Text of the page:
Immediately after each laboratory pain trial, participants were asked to use the VAS to rate the amount of pain they experienced during the task. Participants were asked, “At its worst, how much pain did you feel?” during the task.
Immediately after the participants rated pain intensity, they were asked to use the VAS to rate the amount of distress or bother they experienced during the task. Participants were asked, “At its worst, how much did the task bother you?” Due to alterations in procedure during the study, pain unpleasantness ratings were only obtained for a subset (78%) of participants.
After a 15-minute laboratory habituation time period, BP was measured 3 times using a Dinamap monitor with a 1-minute interval between each measurement. The mean values of resting SBP and DBP measurements were calculated for statistical analysis.
All variables were normally distributed except for pressure tolerance and cold tolerance. These variables were log transformed to produce normal distributions. Independent t tests were used to examine mean differences in resting SBP and DBP levels between boys and girls for 2 age groups: children (8–11 years) and adolescents (12–18 years). Initial bivariate correlation analysis was used to examine the association between BP and all experimental pain response measures among boys and girls separately.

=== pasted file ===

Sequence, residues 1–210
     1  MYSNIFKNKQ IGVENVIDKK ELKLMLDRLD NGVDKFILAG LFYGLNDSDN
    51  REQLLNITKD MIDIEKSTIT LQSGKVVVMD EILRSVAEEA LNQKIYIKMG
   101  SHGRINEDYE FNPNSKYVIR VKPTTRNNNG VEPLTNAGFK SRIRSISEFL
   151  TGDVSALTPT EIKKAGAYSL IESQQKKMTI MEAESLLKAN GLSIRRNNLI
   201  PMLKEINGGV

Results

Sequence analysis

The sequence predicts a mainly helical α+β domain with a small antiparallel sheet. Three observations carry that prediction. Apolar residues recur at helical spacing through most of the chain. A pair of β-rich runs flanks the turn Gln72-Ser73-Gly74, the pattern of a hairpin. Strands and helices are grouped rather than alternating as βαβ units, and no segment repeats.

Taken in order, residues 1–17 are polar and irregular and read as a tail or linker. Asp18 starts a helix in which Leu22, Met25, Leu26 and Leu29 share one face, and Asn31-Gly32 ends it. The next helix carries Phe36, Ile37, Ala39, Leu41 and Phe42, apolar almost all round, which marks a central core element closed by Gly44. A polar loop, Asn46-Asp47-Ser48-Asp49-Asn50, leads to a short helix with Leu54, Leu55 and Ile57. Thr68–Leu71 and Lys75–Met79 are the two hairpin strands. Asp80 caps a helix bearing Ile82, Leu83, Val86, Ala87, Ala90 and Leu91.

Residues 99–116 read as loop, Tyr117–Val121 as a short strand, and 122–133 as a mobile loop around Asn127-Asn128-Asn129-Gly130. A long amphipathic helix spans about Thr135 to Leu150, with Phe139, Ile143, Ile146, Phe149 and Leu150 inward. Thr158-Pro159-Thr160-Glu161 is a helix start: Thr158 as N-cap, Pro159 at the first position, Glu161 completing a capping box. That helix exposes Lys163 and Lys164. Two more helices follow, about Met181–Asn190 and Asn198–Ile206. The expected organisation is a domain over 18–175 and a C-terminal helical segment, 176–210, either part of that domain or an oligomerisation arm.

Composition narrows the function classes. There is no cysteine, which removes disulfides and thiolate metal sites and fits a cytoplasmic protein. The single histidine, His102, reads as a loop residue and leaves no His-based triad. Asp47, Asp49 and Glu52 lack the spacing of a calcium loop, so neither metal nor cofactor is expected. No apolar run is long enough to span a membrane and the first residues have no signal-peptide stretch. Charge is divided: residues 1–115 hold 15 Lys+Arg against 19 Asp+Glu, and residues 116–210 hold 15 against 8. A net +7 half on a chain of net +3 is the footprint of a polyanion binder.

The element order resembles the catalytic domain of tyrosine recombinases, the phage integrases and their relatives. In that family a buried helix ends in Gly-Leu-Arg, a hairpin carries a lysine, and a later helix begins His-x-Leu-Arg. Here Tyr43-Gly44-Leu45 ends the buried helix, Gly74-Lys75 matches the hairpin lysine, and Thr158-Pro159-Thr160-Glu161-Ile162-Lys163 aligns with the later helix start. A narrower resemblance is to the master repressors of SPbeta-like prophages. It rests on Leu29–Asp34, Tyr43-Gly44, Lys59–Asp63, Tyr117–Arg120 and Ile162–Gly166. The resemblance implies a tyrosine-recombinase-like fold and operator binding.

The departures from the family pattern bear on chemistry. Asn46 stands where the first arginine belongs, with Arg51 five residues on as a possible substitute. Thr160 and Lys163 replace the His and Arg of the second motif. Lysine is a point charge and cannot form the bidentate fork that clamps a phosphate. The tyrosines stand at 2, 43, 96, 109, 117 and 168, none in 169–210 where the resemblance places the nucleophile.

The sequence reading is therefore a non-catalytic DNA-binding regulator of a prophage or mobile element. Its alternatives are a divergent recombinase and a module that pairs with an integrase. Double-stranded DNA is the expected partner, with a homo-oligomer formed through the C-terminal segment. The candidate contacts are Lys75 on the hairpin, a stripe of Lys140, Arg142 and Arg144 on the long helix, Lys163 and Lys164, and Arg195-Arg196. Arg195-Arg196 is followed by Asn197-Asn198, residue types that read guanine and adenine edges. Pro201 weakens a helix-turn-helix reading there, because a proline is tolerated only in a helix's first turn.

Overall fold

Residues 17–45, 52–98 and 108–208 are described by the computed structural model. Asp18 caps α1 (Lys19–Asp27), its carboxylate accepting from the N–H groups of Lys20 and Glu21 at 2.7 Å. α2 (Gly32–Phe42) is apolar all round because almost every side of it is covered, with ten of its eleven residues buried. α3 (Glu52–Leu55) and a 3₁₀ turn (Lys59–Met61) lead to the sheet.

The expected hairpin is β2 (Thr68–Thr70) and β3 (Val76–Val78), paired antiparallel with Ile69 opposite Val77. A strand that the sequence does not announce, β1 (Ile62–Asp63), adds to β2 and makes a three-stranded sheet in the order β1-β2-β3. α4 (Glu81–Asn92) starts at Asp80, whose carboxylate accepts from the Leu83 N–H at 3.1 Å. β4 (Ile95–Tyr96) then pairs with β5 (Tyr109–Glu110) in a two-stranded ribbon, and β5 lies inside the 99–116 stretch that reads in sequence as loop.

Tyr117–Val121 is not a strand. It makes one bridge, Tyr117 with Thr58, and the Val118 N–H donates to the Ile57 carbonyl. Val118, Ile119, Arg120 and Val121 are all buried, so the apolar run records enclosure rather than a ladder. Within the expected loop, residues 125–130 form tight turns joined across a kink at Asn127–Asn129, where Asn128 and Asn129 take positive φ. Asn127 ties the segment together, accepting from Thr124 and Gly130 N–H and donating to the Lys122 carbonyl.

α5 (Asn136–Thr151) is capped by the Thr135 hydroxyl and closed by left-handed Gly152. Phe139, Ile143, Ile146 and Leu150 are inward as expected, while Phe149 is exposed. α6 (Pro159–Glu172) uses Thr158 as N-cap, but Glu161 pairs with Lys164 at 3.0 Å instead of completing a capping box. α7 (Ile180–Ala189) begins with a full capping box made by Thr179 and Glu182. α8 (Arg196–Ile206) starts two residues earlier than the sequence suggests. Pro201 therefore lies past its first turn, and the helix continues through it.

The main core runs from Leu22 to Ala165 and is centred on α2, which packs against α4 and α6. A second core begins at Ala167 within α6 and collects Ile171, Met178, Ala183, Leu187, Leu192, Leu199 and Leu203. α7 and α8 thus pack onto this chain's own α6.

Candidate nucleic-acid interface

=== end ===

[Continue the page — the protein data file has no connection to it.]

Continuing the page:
A set of hierarchical regression analyses were used to predict pain responses (ie, pain tolerance, pain intensity, pain unpleasantness) from the BP measurements within girls and boys separately. In block 1, age was entered as a predictor. In block 2, SBP and DBP were entered as predictors. In block 3, the interaction of SBP and age and the interaction of DBP and age were entered as predictors. Each regression analysis was conducted for pain tolerance, intensity, and unpleasantness for each task as dependent variables (predicted variables). Continuous variables were centered for creating the interaction term.43
Table I shows descriptive statistics for BP and laboratory pain response for boys and girls. Independent t tests did not reveal gender differences in resting SBP or DBP. However, further examination showed adolescent boys (12–18 years old) exhibited significantly higher resting SBP levels (mean [SD] 110  mm Hg) than adolescent girls (mean 104 [0.5] mm Hg), with a mean difference of 6.1 (two-tailed P = 0.003); whereas there was no such gender difference in SBP among children (8–11 years old). No significant gender differences in DBP were found within the older and younger age groups.
Table II shows results of bivariate correlation between BP and pain response measures in boys and girls, respectively. Results supported our initial hypothesis that elevated resting BP would be associated with lower pain response measures. Among boys, higher resting SBP was associated with greater thermal tolerance and decreased thermal intensity ratings. Among girls, higher resting SBP was associated with greater pressure and thermal tolerance, and decreased cold intensity ratings. Higher resting DBP was also associated with decreased cold intensity ratings among girls.